The Art of Fritz Scholder from the Tom and Mary Jane McClain Collection
Museum of Northern Arizona (MNA) visitors can experience the diverse works of internationally known artist Fritz Scholder this summer when the exhibit "Art and Soul: The Art of Fritz Scholder from the Tom and Mary Jane McClain Collection" opens June 19, 1999. The exhibit celebrates a special relationship between the two Phoenix-based collectors and the Scottsdale artist and features nearly 65 pieces from the McClain collection.
Scholder first became internationally recognized in the 1960s for his unromanticized depiction of American Indians, but has since explored a variety of subjects including flowers, dreams, vampires, the millennium, ancient Egypt, and landscapes. The exhibit will highlight the widely respected comprehensive nature of the McClain collection, displaying pieces that date from 1965 to the late 1990s.
A unique feature of "Art and Soul" is that Scholder will assist McClain and MNA staff in placing all the pieces, which include paintings, monoprints, lithographs, drawings, sculpture, and a ceramic piece, in the gallery. Mishael Magarian, MNA Special Assistant to the Vice President of Museum Services, cited one example of the central role both McClain and Scholder have played throughout the curation of the exhibit by describing the bold purple, orange, and green paints chosen for the gallery walls. "Fritz's eyes lit up when he saw the purple," Magarian said. "It really highlights the striking palette he uses for his work."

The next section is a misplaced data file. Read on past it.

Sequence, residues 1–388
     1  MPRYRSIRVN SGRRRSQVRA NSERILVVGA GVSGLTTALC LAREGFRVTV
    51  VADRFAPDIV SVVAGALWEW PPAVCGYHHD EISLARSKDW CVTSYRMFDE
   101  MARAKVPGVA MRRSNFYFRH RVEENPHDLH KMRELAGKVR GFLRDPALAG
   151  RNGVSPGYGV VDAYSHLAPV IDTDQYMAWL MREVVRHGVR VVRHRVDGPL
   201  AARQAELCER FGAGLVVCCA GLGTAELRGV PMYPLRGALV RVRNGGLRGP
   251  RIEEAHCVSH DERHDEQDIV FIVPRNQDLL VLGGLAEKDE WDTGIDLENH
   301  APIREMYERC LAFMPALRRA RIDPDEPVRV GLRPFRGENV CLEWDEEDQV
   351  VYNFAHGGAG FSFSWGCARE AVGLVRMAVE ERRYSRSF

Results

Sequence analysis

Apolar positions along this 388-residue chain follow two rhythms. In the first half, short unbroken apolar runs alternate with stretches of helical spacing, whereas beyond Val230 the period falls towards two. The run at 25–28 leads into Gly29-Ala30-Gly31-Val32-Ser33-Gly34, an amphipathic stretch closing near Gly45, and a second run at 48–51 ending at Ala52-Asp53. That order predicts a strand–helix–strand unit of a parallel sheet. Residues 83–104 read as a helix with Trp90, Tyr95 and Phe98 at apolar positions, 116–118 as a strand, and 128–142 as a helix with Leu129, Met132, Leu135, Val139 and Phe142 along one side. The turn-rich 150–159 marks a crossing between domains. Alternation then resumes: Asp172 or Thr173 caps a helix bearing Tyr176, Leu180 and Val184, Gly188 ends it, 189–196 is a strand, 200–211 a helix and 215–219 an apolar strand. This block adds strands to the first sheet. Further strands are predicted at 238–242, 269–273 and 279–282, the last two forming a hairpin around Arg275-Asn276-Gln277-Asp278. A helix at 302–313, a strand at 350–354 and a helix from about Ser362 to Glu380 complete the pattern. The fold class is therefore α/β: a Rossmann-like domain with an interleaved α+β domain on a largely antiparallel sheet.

Fritz Scholder was born October 6, 1037, in Breckenridge, Missouri. Although his paternal grandmother was a member of the Luiseno tribe of Mission Indians in California, Scholder grew up in an Anglicized world and does not consider himself a Native American. After earning a Master of Fine Arts degree from the University of Arizona, Scholder moved to Santa Fe where he taught painting and art history at the Institute of American Indian Arts. The Native Americans he met there captivated him and he began a series of paintings, called "Indians Forever Suite", for which he became heralded as the leader of the New American Indian Art movement.
He also caught McClain's eye with this series. An art collector since the age of 16, McClain has collected pieces representing all phases and media of Scholder's career. MNA joins tile list of galleries and museums in China, France, Germany, Japan, and Russia that have exhibited Scholder's work when "Art and Soul" opens. The exhibit runs through October 10, 1999.
The Museum of Northern Arizona is dedicated to the understanding and interpretation of the arts, cultures, and sciences of the Colorado Plateau through exhibits, educational programs, and special events. The Museum is open daily from 9 AM to 5 PM and located north of Flagstaff on U.S. Highway 180.
Images of Fritz Scholder art from top to bottom (click on the thumbnail images to enlarge them): The Last Ride II, 1989, bronze; Millennium Healing, 1998, acrylic on canvas; Standing Indian, 1973, acrylic on canvas; Another Dream Horse II, bronze
RL readers may also enjoy this video:
Achievement.org is a unique, non-profit entity that has an extensive collection of biographies, profiles and interviews of the great thinkers, achievers and influencers of our time. The site features video segments of an interview with Native American artist Fritz Scholder recorded on June 29, 1996 at Sun Valley, Idaho
On July 29, 2006 RL received a press release from the Harwood Museum announcing a Gallery Talk, Thursday, August 10th, 2006 with Curator Margaret Bullock on artist Fritz Scholder. The press release contained the following biographical information on the artist:
Read more about the Museum of Northern Arizona in Resource Library.
Visit the Table of Contents for Resource Library for thousands of articles and essays on American art.
Copyright 2006 Traditional Fine Arts Organization, Inc., an Arizona nonprofit corporation. All rights reserved.